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Editorial: Abe turning deaf ear to voices from Hiroshima and Nagasaki

Prime Minister Shinzo Abe seems to have callous disregard for the desperate calls coming from Hiroshima and Nagasaki for the elimination of nuclear weapons.


It is difficult to think otherwise, given Abe’s remarks and the words of survivors of the 1945 atomic bombings of the two Japanese cities and local government leaders on this year’s anniversaries of the nuclear devastation.


In an Aug. 9 ceremony at Nagasaki Peace Park to mark the 74th anniversary of the city’s atomic bombing, Yoshiro Yamawaki, 85, speaking as the representative of hibakusha atomic bomb survivors, urged the government to “demonstrate a resolute commitment to pursue the goal of eliminating nuclear weapons while hibakusha are still alive.”


As he wanted to connect with a wider audience about his experiences in the atomic bombing of Nagasaki, Yamawaki had taught himself English and narrated his own hibakusha stories overseas as well.


In his speech at the ceremony, Abe stressed afresh that it is Japan’s mission to continue efforts to realize a “world without nuclear weapons.”


But Abe’s actions toward the issue are only adding to a sense of frustration and anger among residents in the atomic-bombed cities.


Abe has been reacting negatively to calls for Japan to sign and ratify the Treaty on the Prohibition of Nuclear Weapons, which bans the development, possession and use of nuclear arms.


Joining the treaty is viewed as a symbol of the country’s “resolute commitment” to the elimination of nuclear weapons.


The Intermediate-Range Nuclear Forces (INF) Treaty, which provided an impetus to end the Cold War, has collapsed as U.S. President Donald Trump has withdrawn the United States from the pact. And the New START (Strategic Arms Reduction Treaty), which restricts the numbers of warheads in the U.S. and Russian nuclear arsenals, among other things, is also in danger of crumbling.


Discussions at the Preparatory Committee for the 2020 Review Conference of the Parties to the Treaty on the Non-Proliferation of Nuclear Weapons (NPT) have highlighted a deep rift between the nuclear powers and non-nuclear countries over the approach to nuclear arms reductions.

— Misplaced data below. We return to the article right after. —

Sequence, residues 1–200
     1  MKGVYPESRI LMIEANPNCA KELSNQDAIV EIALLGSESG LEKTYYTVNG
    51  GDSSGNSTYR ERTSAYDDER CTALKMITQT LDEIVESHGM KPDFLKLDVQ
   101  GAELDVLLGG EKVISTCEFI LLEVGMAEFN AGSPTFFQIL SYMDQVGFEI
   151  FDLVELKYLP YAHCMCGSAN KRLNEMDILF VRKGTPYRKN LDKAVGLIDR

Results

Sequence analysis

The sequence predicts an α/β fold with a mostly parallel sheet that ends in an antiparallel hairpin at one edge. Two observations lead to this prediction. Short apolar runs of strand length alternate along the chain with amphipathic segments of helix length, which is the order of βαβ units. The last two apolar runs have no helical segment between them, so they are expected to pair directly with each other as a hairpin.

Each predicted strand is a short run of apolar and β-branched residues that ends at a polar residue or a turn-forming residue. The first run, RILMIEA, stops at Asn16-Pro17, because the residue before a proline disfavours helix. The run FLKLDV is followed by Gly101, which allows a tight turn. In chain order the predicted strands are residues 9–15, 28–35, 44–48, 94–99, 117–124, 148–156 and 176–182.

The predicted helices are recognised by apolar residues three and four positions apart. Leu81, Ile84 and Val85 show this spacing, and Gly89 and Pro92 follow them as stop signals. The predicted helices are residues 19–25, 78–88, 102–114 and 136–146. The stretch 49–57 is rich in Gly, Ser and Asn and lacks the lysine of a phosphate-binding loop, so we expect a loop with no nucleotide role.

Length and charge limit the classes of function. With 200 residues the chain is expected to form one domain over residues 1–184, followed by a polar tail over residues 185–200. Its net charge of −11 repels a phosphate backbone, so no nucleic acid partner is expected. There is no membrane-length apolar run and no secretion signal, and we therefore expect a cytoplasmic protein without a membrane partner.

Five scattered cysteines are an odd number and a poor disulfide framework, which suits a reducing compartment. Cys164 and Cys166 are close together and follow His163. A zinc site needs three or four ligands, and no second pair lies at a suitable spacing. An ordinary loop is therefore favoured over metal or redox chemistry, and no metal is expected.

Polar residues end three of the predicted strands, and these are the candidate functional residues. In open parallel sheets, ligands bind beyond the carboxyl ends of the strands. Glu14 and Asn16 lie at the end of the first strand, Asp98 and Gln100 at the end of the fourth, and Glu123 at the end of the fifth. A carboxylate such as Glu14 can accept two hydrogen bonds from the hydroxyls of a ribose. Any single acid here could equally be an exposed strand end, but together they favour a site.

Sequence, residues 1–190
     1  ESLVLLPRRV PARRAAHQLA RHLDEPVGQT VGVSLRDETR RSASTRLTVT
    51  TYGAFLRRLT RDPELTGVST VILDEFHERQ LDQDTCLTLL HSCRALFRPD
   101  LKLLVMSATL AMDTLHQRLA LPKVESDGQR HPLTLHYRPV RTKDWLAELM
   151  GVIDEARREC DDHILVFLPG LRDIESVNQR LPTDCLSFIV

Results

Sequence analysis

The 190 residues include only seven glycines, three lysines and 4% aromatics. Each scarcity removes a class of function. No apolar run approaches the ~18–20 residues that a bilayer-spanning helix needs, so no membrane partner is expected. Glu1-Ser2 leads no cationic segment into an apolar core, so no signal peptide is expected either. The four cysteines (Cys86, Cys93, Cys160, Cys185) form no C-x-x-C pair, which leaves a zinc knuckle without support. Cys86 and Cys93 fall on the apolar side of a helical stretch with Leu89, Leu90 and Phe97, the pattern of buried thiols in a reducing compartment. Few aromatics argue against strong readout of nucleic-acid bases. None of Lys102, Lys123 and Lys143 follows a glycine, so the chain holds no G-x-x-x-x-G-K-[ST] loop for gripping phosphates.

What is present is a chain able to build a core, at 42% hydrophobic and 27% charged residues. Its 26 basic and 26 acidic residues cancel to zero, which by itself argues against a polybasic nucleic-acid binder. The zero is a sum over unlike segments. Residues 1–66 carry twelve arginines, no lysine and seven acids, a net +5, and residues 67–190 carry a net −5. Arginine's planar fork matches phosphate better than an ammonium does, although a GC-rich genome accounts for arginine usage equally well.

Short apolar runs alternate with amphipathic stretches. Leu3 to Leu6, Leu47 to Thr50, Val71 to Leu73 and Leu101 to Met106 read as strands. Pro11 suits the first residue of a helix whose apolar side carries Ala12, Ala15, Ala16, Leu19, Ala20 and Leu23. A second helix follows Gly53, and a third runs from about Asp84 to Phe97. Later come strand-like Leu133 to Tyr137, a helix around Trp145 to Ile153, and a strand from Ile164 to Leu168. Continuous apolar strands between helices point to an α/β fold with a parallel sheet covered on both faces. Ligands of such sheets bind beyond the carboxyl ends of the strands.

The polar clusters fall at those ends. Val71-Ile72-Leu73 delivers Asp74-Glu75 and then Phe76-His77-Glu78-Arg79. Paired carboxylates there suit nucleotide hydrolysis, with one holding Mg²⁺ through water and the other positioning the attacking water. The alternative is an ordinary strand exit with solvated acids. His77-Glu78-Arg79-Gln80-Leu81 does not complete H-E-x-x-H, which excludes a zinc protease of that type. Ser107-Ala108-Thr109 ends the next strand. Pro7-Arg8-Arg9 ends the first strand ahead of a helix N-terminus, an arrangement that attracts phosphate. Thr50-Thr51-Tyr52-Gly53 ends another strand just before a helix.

In the Aug. 9 ceremony, Nagasaki Mayor Tomihisa Taue expressed concerns about the situation, saying, “The achievements of humankind and the results of our longstanding efforts to rid the world of nuclear weapons are collapsing one after another.”


The nuclear weapons ban treaty, which was adopted by the U.N. General Assembly in July 2017, was born out of the movement driven by the urgent calls of hibakusha.


But Abe did not refer to this landmark treaty in his speeches at the ceremonies in Hiroshima and Nagasaki.


At a news conference, he described the pact as not being tethered to “the realities of national security.”


It is true that Japan is protected by the “nuclear umbrella” provided by the United States, but that fact should not be used by Tokyo as an excuse for turning its back on the treaty.


Hiroshima Governor Hidehiko Yuzaki referred to the nuclear powers’ control over talks for nuclear arms reductions and said these powers appear to be “concealing their escapism by using the wise-sounding word ‘reality.’”


During the two years since the nuclear ban treaty was adopted with the support of 122 countries, the number of nations that have ratified it has increased to half of the 50 required for the pact to come into effect.


The Japanese government has been trying to play the self-appointed role of being a bridge between the nuclear and non-nuclear camps by sponsoring discussions by the Group of Eminent Persons for Substantive Advancement of Nuclear Disarmament, a panel of experts at home and abroad. But it remains unclear what kind of role Tokyo intends to play.


After meeting with Abe, the leader of a Nagasaki hibakusha group criticized the administration’s policy, saying Japan should hold negotiations with the nuclear powers if it wants to act as a bridge between the two camps. The representative described the government’s behavior concerning the cause as “all talk and no action.”


If Japan simply continues following the U.S. lead on this matter, the message it sends out as the only country that has suffered nuclear attacks in war could lose credibility.

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